“Hi!” I ventured, showing some friendliness that I hoped would counteract my boss’s angry words earlier on the phone, “We’ve got your furniture. You can show me where you’d like us to take it.”
The officer did not acknowledge my greeting. Instead, he walked up, put his hands on his hips, and stared down at me. I waited, unsure of what was coming next.
“D’yall have a problem with booties?” he asked.
I stared at the officer, not understanding at all why that particular combination of words had just come out of his mouth.
“Um… sorry… what?” Surely I had misheard something.
“D’yall have a problem with booties?” he asked again, stern and commanding.
I continued staring at him, confused. An internal monologue started running through my brain, flashing through in a matter of seconds. It went something like this,
“Once again, an American has completely ignored giving a greeting, which always throws me off. No matter. Time to figure out what’s going on. What is this? Some kind of attempt to get a laugh? Some weird way to connect? There’s no hint of a smile on the officer’s chiseled face. No, he isn’t joking, unless he has an amazing deadpan. What am I missing? Something inside me is starting to panic. There’s got to be some meaning to his strange question I’m missing. I mean, I know that booty can be used for pirates, and well, for human anatomy, but neither meaning is fitting this context at all. Maybe some kind of cultural reference? American culture? Black culture? Police culture? Furniture delivery culture? Is there even such a thing? You’re running out of time! Oh look. There’s his gun.”
The officer had cocked his head at me now, still staring.
“He’s on to me,” the internal dialogue continued, “He knows I’m a fraud, not really from around here at all. Booties? Why booties? Why now? Someone help! I’m just a kid from Melanesia. How did I end up here, on this suburban street, trapped between this imposing officer and an angry boss, trying to untangle the semantic range of the word booty?”
I simply had nothing to say in return. My brain had run its form and meaning programs through all the archives and had come back with absolutely zero results. So I stood there, mouth half open, having no idea what to do next.
“C’mere,” said the officer in his booming voice, shaking his head at me, and motioning for me to follow him into his garage.
We walked into the garage and he stooped down to pick up a small box. He pulled something out of it. It was some kind of opaque white fabric thing, which he put on one of his hands and stretched open with his fingers.
“Booties. For your feet.” He said to me, measured and slow, as if bearing with a very slow student.
Suddenly it dawned on me. Booties must be some kind of fabric thing you put over your shoes in order to protect the carpet when walking in and out. Booties as in boots! Things for your boots. A rush of relief washed over me. Form and meaning had come together at last.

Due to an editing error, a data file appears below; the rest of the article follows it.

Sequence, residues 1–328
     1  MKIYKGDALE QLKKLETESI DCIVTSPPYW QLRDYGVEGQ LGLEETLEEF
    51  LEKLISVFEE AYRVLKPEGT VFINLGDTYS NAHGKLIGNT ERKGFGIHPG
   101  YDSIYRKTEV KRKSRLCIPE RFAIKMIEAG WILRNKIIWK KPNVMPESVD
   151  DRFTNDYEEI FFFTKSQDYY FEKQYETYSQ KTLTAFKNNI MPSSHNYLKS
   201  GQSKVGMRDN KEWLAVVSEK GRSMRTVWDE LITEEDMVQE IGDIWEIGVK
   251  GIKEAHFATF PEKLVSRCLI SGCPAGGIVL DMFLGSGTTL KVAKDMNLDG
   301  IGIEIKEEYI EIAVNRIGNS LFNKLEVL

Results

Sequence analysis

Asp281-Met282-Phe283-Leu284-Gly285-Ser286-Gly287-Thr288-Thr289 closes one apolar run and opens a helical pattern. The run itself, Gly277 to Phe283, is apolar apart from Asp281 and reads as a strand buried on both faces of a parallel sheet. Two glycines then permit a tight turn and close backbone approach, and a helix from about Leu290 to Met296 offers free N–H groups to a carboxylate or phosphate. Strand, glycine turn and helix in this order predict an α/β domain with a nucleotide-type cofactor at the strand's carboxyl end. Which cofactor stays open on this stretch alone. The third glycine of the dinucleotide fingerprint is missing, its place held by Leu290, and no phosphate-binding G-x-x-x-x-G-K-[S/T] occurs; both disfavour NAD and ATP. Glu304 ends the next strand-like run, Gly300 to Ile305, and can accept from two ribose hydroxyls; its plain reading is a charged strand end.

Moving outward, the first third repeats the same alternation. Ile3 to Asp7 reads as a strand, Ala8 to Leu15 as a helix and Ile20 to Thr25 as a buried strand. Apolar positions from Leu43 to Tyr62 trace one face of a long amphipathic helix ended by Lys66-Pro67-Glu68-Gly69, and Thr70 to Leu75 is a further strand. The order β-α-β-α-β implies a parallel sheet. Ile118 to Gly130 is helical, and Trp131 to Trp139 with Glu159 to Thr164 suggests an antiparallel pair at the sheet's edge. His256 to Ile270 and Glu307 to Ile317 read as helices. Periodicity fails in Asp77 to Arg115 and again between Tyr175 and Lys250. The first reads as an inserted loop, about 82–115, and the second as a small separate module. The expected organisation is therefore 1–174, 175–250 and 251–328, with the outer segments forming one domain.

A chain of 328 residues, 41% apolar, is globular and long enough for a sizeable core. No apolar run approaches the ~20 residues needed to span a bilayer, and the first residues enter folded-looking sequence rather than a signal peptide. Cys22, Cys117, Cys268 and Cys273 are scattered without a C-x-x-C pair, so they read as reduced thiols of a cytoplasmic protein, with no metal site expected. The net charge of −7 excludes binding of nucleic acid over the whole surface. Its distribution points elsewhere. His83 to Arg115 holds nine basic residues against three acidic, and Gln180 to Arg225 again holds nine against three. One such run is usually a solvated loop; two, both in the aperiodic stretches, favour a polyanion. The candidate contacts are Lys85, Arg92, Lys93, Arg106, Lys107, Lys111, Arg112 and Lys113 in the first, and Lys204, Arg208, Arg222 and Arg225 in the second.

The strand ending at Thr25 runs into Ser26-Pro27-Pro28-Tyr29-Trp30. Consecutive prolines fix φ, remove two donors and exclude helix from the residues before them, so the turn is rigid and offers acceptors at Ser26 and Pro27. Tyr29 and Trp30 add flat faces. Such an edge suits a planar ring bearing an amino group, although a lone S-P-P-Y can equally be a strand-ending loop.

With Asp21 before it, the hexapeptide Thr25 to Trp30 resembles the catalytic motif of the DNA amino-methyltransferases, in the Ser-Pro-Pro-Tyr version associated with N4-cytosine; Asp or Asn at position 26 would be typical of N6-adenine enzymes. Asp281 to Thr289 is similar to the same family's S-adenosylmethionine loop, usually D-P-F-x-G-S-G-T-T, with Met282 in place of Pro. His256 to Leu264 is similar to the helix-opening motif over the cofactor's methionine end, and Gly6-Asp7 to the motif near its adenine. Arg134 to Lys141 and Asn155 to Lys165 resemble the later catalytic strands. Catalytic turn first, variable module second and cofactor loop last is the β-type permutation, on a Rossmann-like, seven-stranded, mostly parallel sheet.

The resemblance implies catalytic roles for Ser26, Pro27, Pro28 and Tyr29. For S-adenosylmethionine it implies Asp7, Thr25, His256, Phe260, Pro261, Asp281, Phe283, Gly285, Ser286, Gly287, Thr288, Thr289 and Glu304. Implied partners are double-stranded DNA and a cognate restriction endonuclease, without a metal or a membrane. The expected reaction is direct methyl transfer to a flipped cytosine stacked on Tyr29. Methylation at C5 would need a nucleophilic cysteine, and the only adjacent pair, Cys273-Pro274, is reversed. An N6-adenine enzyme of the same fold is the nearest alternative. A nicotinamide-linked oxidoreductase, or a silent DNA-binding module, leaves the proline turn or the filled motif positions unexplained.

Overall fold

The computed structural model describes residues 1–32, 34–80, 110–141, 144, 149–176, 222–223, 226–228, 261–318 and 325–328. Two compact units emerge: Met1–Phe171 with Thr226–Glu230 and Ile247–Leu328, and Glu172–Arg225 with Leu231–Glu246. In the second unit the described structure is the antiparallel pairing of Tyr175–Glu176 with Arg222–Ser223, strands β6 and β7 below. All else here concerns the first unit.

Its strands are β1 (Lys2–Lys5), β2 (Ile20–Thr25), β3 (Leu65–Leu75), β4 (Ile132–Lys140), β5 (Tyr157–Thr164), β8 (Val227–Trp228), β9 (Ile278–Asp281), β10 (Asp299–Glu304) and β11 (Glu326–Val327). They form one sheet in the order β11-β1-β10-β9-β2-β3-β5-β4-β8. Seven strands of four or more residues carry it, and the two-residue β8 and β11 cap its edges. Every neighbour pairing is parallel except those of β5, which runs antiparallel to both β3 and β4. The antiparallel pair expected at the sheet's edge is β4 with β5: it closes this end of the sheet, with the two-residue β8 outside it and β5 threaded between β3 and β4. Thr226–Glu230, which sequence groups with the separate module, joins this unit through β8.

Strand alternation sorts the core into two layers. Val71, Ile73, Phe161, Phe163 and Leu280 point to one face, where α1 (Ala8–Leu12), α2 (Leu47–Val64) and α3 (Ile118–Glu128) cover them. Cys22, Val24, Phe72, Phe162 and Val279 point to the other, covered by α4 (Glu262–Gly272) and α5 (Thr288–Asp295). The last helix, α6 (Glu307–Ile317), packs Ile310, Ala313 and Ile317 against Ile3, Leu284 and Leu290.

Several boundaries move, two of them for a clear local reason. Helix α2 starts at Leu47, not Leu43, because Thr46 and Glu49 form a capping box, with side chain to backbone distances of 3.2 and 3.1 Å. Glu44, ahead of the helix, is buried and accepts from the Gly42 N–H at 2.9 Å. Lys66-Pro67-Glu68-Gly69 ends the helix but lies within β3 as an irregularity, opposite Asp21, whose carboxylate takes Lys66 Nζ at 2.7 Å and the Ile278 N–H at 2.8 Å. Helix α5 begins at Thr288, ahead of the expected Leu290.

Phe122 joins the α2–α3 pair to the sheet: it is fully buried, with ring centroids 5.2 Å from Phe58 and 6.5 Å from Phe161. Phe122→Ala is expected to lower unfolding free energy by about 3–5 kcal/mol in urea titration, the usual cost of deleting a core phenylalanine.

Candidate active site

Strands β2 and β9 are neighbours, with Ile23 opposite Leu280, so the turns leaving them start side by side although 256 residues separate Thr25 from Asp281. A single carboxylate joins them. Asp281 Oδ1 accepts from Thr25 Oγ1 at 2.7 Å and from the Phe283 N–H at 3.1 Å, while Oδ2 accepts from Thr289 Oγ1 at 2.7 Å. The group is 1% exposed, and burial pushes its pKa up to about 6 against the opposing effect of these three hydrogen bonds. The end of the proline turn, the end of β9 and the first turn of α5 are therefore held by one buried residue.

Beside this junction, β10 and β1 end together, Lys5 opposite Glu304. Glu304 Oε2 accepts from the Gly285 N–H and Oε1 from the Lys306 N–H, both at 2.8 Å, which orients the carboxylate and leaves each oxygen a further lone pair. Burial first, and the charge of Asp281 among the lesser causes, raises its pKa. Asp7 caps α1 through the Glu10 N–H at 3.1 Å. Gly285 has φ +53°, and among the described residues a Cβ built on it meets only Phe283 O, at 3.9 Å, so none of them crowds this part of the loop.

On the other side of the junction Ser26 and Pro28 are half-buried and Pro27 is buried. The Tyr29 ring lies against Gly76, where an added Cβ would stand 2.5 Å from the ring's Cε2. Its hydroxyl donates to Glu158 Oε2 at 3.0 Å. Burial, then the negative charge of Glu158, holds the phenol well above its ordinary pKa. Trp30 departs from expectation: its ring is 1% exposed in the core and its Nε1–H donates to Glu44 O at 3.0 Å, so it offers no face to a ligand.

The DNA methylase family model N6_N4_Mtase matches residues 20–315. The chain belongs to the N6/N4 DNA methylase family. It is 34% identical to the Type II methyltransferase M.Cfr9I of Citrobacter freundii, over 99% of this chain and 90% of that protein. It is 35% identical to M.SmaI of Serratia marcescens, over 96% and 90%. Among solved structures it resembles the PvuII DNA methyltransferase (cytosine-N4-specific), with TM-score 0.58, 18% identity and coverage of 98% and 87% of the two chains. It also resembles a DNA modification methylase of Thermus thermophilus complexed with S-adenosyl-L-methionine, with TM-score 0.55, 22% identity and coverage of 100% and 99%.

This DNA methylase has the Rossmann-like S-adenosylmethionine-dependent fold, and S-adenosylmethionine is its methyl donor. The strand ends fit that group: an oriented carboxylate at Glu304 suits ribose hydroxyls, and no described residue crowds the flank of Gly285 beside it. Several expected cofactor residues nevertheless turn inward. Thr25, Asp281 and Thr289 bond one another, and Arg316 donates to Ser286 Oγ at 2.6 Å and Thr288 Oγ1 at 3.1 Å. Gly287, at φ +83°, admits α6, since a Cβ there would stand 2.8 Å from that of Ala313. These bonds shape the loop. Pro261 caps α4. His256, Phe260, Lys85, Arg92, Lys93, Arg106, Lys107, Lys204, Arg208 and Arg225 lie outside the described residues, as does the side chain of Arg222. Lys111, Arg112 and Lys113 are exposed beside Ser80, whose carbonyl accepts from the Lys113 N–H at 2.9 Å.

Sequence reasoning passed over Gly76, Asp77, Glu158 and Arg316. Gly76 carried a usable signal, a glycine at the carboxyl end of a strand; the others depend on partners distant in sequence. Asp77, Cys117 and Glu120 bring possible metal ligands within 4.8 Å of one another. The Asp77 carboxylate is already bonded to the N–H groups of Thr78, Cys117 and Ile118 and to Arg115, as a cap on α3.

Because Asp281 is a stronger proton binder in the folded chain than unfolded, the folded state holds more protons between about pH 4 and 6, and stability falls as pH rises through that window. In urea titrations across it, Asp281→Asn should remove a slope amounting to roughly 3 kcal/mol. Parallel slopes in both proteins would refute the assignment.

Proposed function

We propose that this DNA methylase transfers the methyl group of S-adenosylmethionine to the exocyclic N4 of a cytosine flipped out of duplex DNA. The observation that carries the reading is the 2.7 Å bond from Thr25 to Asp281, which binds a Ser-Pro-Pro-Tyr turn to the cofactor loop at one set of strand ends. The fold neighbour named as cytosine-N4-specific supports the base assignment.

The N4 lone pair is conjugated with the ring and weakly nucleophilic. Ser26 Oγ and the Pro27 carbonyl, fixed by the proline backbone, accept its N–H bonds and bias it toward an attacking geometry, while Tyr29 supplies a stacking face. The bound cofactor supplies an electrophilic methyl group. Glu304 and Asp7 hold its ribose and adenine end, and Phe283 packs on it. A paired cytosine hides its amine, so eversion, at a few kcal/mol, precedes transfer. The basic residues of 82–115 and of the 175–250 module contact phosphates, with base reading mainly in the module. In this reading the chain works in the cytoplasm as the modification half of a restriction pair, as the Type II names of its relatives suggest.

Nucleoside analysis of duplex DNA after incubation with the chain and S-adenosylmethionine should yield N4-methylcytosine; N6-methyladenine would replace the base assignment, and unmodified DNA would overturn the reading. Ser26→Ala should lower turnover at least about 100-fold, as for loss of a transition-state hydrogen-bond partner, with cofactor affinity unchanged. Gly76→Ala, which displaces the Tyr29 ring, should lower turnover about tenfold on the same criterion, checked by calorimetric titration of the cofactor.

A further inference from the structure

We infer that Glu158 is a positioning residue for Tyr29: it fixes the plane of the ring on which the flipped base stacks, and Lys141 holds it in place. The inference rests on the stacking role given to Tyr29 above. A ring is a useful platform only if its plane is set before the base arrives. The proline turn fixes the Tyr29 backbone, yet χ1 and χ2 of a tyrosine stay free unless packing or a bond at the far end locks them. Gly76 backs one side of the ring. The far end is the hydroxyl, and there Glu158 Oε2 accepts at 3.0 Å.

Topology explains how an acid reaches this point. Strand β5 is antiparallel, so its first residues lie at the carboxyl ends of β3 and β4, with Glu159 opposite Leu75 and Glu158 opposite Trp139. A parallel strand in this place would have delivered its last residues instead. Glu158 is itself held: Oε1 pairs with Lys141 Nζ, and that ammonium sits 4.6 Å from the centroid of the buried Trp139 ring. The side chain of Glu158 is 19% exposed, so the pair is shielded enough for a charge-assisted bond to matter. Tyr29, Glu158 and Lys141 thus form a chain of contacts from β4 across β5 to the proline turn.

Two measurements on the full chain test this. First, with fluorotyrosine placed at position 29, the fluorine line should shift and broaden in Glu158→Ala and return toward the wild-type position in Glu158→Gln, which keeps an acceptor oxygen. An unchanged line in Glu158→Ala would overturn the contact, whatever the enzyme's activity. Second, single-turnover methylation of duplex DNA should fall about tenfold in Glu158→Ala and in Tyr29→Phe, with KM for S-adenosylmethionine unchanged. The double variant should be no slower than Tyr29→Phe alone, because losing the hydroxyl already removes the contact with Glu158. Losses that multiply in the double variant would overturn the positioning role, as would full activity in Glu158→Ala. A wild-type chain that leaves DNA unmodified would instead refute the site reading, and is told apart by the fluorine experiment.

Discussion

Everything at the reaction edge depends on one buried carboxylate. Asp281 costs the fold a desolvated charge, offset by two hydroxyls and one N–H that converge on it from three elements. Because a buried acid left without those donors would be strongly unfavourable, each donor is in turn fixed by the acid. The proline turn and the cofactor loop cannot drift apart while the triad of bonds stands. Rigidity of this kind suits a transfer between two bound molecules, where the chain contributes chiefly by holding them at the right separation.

“Right! Booties. For our feet. Sure. That’s, uh, that’s fine,” I said, trying to smile.
The officer was still looking at me, seeming concerned. Thankfully my boss just then walked into the garage, his face back to a normal shade of pink. He grabbed a pair of booties from the officer, apparently knowing full well what they were, and went inside to see where the furniture was to be placed.
I was left alone in the garage with my thoughts. “Man, how have I never heard about booties? Oh well,” I shrugged, “TCK issues.” And I went to begin unloading the truck.
Photo by Wise Move SA on Unsplash
2 thoughts on “Do I Have a Problem With What Now?”
LOL! Spaghetti, shotgun weddings and booties, oh my!
My first lecture in my very first class freshman year of college was all about the Puritans. It was American Lit. and much of the hour was devoted to breaking up into small groups and discussing what we knew about Puritans. I literally had no idea what Puritans were…
“What are Puritans? Why does everyone else know about this? Am I some sort of idiot? Oh man, I’m going to totally fail college. It really is going to be harder than high school, just like they said…. Ok, so they were some sort of religious people… Pilgrims! I know a few things about them. White collars, tall hats, giant belt buckles, the Mayflower…. I’m totally faking like I got this. Do they know I’m completely guessing here? Is anyone else feeling as lost as I am?”
I walked out of that lecture feeling like I was way in over my head and probably going to flunk out of college. A bit dramatic, but that ended up being one of my harder classes because the teacher had higher standards and grades harder than most. I can laugh at it now, but I wasn’t laughing then.
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Classic TCK bluffing skills right there!